MomProm Fails to Fund Nonprofit
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MomProm Fails to Fund Nonprofit

Billed as a fundraiser, the MomProm on Nov. 4, 2017 looked like it would be a success, however, the Jewish Fertility Foundation has yet to see a penny of the proceeds.

Billed as a fundraiser for the Jewish Fertility Foundation, the MomProm on Nov. 4, 2017, looked like it would be a night of fancy fun for a fantastic foundation. To this day, however, the charity has yet to see a penny of the proceeds, according to JFF Executive Director Elana Frank.

Figures on the net proceeds from the event, organized by Nicole Wiesen of Jewish Moms of Atlanta, differ with each telling, from as little as $68 to as much as $15,000, according to a cease and desist letter from Secretary of State Brian Kemp’s office on July 31, 2018. The letter was directed to Wiesel and her company, Jewish Women Incorporated, operating as Jewish Moms of Atlanta.

Findings from the investigation of the secretary of state’s office indicated that Wiesel misled donors into making checks out to JMOA rather than to the JFF and told those donors that such contributions would be tax-deductible. The donations were not deductible, however, because JWI, unlike JFF, is not a 501(c)(3) nonprofit organization, a fact Wiesel was warned about on multiple occasions.

While a check was made out to JFF for $4,503 on Nov. 17, 2017, the check was returned because of insufficient funds in JMOA’s business account, and previously advertised $5,000 contributions from private businesses were nowhere to be found. Wiesel explained that the check was reissued, but, according to the cease and desist letter, the reissued check was never received.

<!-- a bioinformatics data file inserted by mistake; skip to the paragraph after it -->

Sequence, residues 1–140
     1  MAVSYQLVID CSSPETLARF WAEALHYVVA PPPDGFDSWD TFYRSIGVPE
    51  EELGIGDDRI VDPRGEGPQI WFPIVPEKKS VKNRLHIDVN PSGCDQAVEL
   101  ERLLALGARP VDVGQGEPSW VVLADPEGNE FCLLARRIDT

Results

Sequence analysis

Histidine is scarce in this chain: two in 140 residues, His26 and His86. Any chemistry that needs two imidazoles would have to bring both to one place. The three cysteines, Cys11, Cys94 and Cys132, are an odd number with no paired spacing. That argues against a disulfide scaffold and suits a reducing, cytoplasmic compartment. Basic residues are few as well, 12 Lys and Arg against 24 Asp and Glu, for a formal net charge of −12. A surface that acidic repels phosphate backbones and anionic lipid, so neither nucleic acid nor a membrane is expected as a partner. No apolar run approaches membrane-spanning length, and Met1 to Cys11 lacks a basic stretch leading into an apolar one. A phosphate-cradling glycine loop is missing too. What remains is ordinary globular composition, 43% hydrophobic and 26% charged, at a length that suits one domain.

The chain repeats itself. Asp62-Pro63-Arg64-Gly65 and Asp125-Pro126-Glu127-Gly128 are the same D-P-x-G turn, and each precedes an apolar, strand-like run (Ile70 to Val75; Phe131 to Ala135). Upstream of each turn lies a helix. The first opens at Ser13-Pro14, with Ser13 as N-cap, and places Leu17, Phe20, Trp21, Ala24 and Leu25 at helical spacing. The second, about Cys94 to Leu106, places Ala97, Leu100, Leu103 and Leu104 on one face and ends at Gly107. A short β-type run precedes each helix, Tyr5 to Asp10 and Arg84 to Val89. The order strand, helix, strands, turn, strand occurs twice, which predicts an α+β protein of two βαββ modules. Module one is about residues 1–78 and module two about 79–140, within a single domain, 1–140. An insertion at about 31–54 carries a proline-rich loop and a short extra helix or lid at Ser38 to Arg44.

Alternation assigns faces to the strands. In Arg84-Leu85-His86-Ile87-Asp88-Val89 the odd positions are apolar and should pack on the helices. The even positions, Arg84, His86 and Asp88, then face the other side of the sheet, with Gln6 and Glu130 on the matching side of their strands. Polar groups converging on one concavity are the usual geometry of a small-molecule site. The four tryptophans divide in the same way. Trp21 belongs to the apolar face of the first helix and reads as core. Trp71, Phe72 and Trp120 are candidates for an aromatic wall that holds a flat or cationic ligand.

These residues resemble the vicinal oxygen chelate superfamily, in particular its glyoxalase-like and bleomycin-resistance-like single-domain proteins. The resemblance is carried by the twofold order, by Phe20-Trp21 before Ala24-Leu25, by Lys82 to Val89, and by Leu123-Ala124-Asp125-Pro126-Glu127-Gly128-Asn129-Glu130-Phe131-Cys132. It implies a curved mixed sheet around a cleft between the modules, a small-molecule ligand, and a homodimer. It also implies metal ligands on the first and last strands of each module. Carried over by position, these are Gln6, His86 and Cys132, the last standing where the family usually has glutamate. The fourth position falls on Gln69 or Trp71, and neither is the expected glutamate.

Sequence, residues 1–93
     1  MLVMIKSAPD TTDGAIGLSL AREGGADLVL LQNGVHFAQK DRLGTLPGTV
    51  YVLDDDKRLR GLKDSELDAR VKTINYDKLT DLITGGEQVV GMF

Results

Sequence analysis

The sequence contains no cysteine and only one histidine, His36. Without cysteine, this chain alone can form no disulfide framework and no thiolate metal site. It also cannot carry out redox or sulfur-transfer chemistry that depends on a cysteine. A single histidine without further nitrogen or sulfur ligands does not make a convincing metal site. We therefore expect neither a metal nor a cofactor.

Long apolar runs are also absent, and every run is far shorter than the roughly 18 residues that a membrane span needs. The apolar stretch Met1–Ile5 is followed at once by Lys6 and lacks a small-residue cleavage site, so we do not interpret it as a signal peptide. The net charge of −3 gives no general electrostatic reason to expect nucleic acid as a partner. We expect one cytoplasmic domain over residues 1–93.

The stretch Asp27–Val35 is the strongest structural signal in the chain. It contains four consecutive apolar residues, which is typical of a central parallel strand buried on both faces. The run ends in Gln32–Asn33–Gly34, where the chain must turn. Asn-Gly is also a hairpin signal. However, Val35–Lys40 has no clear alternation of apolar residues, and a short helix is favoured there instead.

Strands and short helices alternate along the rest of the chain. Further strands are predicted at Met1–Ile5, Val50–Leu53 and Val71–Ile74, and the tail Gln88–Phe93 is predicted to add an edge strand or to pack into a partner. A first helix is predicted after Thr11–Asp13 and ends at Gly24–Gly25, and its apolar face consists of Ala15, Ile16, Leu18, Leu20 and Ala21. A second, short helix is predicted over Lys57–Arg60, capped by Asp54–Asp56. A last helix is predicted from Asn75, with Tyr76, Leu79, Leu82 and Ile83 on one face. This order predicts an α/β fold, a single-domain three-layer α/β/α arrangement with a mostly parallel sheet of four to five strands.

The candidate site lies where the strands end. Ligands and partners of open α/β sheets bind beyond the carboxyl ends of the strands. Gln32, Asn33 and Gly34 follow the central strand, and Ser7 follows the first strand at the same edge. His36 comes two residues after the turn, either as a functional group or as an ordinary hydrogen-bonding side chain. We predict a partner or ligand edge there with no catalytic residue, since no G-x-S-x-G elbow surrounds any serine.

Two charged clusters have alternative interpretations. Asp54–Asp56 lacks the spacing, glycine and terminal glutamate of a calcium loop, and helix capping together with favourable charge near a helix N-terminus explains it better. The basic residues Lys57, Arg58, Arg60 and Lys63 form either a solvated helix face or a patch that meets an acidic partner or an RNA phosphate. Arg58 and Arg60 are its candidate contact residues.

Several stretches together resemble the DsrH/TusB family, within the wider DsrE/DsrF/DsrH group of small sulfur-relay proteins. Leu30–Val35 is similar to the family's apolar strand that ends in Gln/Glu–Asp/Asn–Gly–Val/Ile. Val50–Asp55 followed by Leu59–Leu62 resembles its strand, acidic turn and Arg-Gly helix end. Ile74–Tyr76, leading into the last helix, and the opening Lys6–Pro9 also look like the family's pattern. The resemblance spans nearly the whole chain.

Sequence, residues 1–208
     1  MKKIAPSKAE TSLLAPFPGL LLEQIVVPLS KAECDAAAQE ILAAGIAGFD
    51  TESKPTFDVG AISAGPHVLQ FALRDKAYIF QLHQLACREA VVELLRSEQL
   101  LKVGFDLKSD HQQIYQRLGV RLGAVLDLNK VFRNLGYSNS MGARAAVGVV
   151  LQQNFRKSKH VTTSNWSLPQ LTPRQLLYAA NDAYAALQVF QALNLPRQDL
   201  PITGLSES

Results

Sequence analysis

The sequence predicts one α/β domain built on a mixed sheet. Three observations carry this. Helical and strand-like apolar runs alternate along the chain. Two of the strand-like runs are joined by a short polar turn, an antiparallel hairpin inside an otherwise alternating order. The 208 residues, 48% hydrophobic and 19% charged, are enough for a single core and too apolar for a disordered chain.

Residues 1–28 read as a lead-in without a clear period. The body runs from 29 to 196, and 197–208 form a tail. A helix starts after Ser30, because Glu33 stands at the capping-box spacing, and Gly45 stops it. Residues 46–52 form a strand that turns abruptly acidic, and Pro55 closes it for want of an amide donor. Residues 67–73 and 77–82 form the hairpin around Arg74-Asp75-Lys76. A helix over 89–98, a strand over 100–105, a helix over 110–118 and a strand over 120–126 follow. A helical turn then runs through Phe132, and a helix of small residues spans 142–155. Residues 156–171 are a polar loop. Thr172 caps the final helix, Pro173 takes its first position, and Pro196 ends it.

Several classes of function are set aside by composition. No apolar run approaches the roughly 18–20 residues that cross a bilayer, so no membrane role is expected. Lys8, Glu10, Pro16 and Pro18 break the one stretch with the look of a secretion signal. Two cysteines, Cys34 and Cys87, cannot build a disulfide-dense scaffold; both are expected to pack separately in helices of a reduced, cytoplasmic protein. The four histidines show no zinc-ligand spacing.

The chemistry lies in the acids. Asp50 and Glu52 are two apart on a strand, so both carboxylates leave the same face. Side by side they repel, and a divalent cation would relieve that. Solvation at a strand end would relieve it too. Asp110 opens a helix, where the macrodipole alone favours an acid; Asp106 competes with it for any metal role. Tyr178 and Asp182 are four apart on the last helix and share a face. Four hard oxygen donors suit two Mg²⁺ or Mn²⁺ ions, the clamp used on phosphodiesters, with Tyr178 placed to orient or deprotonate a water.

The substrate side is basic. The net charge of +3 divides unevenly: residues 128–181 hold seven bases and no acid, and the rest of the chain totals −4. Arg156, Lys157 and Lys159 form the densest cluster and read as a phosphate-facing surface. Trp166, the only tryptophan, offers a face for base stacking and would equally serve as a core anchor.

In addition to JFF, the caterer of the event, For All Occasions and More, was not paid on time. Owner Jodie Sturgeon explained at the time that she had received $2,000 of the $5,100 for the event and her attorney had received an additional $777.32. But in a recent follow-up conversation, she said she received full payment by the end of February.

Wiesen has twice pled guilty to fraudulent activities, first in 2010, when she pled guilty to theft by conversion in Fulton County, and then in 2015 in Gwinnett County for identity theft. She received one year of probation for the first charge, and five years of probation for the second, a felony.

The AJT obtained what appeared to be a forged Internal Revenue Service letter dated Aug. 31, 2016, declaring that JMOA is a 501(c)(3). But a concerned community member contacted the IRS about the organization’s status and received a letter clearly stating that it was not a nonprofit.

The cease and desist letter directed that JWI/JMOA stop all illegal activity relating to its false representation of itself as a charitable organization in accordance with the Georgia Charitable Solicitations Act of 1988.

JWI is still listed as an active corporation, according to the secretary of state’s database. The status of any other legal proceedings involving JWI or any individuals associated with the organization remains unclear. 

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